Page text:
British PM Theresa May is the Enemy of Online Privacy

May's latest outburst in the wake of terrorist attacks in London is just the latest round of a bitter, long-running personal vendetta against online privacy.

Theresa May
Paul Newham
By Paul Newham

The morning after the London Bridge terror attack, British Prime Minister Theresa May returned to a pet theme. As families mourned the victims of the June 3 atrocity, which left seven people dead and 48 injured, she chose to make a point about online privacy and surveillance.

“We cannot allow this ideology the safe space it needs to breed,” she said, referring to Islamic extremism. “Yet that is precisely what the internet, and the big companies that provide internet-based services provide.”

May has long been an enemy of online privacy. According to her, legitimate privacy protections which most of us expect – encrypted messages and personal data, not allowing any Tom, Dick or Harry to snoop on what we’re doing – make the internet a breeding ground for terrorism and Islamic extremism.

She has long fought to strip away those protections entirely, and give the state unfettered access to what every citizen gets up to online. Your safety and mine, she claims, depend on it.

These are arguments designed to play on emotions. But the claim that mass online surveillance will somehow stamp out the terrorist threat is, at best, naive. At worst, they are a cynical ploy intended to play on people’s fears.

May’s surveillance legacy

May spent most of her time in office as Home Secretary pushing for increased state control of the internet. She has never been shy of playing the terror card.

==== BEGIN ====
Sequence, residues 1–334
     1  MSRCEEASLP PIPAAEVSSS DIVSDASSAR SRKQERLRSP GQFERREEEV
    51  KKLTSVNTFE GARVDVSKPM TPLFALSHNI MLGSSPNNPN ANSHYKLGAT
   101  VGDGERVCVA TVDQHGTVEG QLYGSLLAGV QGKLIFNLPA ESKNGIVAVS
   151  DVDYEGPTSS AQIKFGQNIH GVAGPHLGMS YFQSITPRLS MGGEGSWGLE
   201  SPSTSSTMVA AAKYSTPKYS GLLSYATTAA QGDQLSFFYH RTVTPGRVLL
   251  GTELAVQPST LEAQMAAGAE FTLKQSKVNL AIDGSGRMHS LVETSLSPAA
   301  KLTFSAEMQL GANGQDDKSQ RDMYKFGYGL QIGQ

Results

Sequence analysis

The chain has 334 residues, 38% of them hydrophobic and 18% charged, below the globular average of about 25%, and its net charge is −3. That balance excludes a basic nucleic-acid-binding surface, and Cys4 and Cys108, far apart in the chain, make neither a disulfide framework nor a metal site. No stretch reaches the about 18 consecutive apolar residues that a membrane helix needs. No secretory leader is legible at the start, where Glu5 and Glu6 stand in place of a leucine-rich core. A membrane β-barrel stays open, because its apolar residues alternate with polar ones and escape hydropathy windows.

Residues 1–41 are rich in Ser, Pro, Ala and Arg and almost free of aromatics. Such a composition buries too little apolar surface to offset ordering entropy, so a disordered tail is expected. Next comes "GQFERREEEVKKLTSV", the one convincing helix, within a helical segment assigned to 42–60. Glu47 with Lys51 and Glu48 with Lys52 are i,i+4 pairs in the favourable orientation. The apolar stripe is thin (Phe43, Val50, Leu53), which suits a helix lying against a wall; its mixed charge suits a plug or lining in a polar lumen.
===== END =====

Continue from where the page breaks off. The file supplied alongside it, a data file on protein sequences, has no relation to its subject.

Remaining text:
In 2014, as she set out her plans to massively increase government powers to spy on what UK citizens get up to online, she called internet surveillance “a matter of life and death”, citing the threat posed by British jihadists returning from Syria.

A year earlier, she had shown how willing she was to use terror to justify repressive behavior by the state. She strongly defended the detention of a journalist Glenn Greenwald’s partner at Heathrow airport under the Terrorism Act 2000, claiming he may have had material ‘useful to terrorists’ on his laptop. Police were looking for documents from the Snowden leaks, which Greenwald had helped publish.

May has a long history of using terror to excuse repressive behavior and chip away at your right to privacy.

You’d think May would be happy with her legacy on state surveillance. The plans she drew up as Home Secretary, which became known as the Snooper’s Charter, were passed as law in 2016.

Among the many powers it handed to government and the state security apparatus, the Investigatory Powers Act forces internet companies to store records of every person’s online activity, and hand them over on request. Authorities can force ISPs to break encryption so they can read the contents of private messages. Government spooks can now even hack into your mobile phone and plant malware on your devices.

Unsurprisingly, these have been described as some of the most extreme and repressive online surveillance measures introduced anywhere in the world.

And yet, given her comments in the wake of the London Bridge attack, it sounds like May, now Prime Minister, wants to go even further.

What does May want?

A few days after the London Bridge attack, May stated that she would be prepared to tear up human rights legislation if it ‘got in the way’ of counter-terrorism measures.

She is known critic of the European Convention of Human Rights, which protects UK citizens from things like indefinite detention without charge. It also gives people the right to challenge surveillance measures in a court of law.